Olympians Alex Sobers and Nicholas Neckles are among Barbados’ top swimmers anxious to make a big splash when Barbados host the Central American and Caribbean Aquatic Championship [CCCAN] on Monday, June 24, at the National Aquatic Centre.
Barbados Aquatic Sports Association president, Tony Selby, said during this morning’s press conference to launch the championship that artistic, water polo, open water and pool swimming were the main disciplines that would be contested.
“There is going to be a lot of competition in swimming. I have had a look at the side sheet, and the competition is going to be stiff. Obviously, the powerhouses of the Caribbean in Trinidad and Bahamas, they will all be here as well trying to maintain glory to the English-speaking Caribbean over the Central American countries,” Selby said.
The championship will commence Monday with artistic swimming which has a total of 42 athletes scheduled to participate between the ages of 12 to 18 under the supervision of head coach Kiera Bloom.
The various categories for artistic swimming are solos, figures, duet technical and duet free as well as the team free performances which Bloom explained would all be a higher level of competition for the Barbados team.
An estimated 500 athletes from 29 countries are expected to compete in the pool which is where most of the excitement will be generated from as participants aim to qualify for the World Championship and Pan American Games before the July 3 deadline.
Head coach for pool swimming Sharon Small explained that although they were expecting fierce competition, Barbados would be ready to put their best foot forward.
Open water swimming is scheduled for July 3 to 5 and comprises the three kilometre, five kilometre and ten kilometre categories under the guidance of head coach Samantha Clarke.
Meanwhile, coach of the Barbados water polo team Akeem Nurse revealed that the team was currently in Sunshine State Florida competing and that would serve as preparation. Water polo will take place from July 4 to 7 with only males participating in the 15 and under and 18 and under.
Among the countries competing are Guadeloupe, Martinique, Aruba, St. Kitts and Nevis, Cayman Islands, Costa Rica, Curaçao, Jamaica, Haiti, El Salvador, Nicaragua, Puerto Rico, Honduras, Bolivia and Mexico which have a large contingent of over 80 athletes.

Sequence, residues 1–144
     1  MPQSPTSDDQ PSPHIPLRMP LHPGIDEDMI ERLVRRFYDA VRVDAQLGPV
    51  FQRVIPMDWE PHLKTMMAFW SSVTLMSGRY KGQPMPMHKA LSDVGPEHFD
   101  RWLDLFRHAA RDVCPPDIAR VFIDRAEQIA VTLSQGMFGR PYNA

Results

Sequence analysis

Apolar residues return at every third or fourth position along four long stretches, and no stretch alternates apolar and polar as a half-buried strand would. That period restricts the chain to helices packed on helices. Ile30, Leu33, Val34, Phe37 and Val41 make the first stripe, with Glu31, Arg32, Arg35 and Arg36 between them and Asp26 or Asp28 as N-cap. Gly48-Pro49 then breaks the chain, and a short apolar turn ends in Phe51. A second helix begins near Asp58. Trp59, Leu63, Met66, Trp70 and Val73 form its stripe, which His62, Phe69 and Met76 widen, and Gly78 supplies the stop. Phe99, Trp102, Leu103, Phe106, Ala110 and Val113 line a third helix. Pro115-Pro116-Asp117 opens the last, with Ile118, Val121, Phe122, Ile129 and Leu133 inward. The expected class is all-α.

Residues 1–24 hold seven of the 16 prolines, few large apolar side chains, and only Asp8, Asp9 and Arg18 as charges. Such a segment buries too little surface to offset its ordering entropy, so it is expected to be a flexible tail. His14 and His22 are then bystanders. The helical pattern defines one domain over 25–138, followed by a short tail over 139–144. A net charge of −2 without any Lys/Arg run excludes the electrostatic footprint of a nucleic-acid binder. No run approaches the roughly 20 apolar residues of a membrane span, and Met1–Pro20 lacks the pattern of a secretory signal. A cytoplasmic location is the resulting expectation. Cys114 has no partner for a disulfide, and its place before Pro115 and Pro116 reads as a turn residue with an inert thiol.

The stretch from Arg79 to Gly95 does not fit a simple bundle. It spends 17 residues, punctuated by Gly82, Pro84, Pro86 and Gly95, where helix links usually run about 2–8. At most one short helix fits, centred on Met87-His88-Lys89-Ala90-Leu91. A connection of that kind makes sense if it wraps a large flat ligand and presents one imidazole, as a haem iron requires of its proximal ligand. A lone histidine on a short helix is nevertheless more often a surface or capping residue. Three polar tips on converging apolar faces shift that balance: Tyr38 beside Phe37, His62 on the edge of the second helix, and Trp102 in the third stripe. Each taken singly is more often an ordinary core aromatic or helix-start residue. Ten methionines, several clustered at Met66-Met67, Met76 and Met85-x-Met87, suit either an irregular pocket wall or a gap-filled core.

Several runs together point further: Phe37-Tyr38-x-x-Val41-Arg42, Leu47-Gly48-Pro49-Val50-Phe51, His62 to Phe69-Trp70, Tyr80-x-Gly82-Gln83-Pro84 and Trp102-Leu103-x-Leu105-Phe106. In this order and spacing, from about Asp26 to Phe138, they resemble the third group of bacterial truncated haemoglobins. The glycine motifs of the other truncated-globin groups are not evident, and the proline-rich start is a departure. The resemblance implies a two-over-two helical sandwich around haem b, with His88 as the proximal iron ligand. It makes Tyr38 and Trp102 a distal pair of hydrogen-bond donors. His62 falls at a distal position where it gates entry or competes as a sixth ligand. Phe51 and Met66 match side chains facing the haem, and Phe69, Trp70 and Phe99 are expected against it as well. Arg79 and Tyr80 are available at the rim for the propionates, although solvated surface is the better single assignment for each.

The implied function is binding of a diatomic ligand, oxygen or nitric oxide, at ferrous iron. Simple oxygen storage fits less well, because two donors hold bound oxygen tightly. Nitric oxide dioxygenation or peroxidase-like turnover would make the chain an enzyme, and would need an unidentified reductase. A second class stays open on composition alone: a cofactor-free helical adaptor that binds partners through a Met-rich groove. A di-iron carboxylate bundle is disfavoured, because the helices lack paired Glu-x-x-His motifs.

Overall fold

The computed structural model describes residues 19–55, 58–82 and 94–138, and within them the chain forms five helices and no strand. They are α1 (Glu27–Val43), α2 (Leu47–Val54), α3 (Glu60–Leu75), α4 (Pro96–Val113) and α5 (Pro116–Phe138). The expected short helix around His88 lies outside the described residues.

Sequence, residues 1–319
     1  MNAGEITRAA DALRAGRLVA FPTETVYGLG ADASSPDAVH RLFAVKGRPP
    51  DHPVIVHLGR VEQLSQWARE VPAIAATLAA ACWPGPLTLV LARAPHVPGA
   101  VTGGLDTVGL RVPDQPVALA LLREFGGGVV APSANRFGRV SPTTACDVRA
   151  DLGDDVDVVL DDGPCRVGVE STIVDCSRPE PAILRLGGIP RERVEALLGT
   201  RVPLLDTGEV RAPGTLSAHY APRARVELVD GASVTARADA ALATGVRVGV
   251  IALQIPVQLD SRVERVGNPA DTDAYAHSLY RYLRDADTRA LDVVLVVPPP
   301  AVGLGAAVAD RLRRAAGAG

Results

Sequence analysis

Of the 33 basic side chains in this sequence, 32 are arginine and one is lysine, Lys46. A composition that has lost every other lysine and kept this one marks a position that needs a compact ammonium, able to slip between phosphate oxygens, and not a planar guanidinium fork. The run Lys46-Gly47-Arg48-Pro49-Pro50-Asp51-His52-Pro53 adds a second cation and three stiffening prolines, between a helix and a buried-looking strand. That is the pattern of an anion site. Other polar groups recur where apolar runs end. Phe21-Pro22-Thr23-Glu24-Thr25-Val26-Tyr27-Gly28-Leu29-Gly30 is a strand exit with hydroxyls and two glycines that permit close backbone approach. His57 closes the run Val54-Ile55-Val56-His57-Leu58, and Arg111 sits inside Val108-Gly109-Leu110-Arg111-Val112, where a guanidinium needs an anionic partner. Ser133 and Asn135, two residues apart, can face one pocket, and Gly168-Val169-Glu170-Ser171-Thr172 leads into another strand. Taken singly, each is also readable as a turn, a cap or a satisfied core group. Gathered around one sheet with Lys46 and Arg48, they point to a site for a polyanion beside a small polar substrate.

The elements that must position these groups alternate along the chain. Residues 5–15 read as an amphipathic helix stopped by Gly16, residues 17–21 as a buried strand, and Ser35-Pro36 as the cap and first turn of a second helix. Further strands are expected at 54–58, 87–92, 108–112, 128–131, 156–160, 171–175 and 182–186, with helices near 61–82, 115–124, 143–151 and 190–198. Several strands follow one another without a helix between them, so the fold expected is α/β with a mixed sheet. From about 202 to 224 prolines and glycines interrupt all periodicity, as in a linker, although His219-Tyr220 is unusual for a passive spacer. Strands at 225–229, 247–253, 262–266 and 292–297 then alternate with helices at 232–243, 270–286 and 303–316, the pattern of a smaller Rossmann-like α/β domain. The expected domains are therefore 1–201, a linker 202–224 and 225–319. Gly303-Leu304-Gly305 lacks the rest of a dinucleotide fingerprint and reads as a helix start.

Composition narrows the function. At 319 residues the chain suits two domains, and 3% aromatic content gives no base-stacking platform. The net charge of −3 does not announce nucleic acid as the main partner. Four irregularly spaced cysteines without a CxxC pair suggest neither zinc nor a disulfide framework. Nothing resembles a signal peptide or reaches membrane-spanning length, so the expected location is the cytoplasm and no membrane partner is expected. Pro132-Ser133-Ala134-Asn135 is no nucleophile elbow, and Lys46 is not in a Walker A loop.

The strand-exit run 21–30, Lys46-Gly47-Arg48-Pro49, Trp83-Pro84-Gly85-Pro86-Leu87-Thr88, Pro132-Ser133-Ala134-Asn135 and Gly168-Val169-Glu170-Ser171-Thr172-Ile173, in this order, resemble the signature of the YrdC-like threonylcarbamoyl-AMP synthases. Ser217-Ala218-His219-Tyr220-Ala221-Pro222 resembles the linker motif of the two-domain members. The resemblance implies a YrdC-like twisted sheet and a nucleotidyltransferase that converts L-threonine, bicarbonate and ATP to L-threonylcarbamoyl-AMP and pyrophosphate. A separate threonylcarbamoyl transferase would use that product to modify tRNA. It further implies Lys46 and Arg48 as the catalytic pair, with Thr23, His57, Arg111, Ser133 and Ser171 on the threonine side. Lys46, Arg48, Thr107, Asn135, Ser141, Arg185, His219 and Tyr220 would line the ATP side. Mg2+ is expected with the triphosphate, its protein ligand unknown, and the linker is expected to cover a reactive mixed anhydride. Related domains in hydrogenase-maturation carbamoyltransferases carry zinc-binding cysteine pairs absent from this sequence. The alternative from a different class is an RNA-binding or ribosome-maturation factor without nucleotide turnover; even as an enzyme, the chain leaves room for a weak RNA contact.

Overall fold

According to Selby, Mexico have not competed in CCCAN for several years, and they are coming to make a statement with such a large group.
Selby revealed that it would cost the local association US$250 000 to put on the event which comes under two months after Barbados hosted CARIFTA in April.
“For this particular meet, I don’t think that we are going to garner a whole lot. Our aim is not to make a loss. CCCAN is a difficult meet from the point of view that the CCCAN organising committee takes 10 per cent off all the revenue right away, right off the top, which is what we were hoping to get,” Selby said.
He explained that the BASA has to write a cheque on the conclusion of the championship and hand it over to the CCCAN committee, which is made up of representatives from all over the Caribbean and Central America.
“So, that hurts us in a big way. So, we are hoping to come out without making a loss at the end of the day. But the advantage that we have is that we don’t need to spend money on our athletes going overseas so that in itself is a plus. And what we try to do with the funds that we receive, we try to put it towards the maintenance of the facility.
Jumar Walrond along with Rebecca Lashley who is based at the University of Toronto, will captain a quality Barbados swim team that comprise Olympian Alex Sobers, Nkosi Dunwoody, Luis Sebastian Weekes and Danielle Titus. CARIFTA medalist Eric Lashley and Danielle Clarke are expected to lead the open water team.
Barbados’ most decorated swimmer Nicholas Neckles and Terrence Haynes are also expected to compete.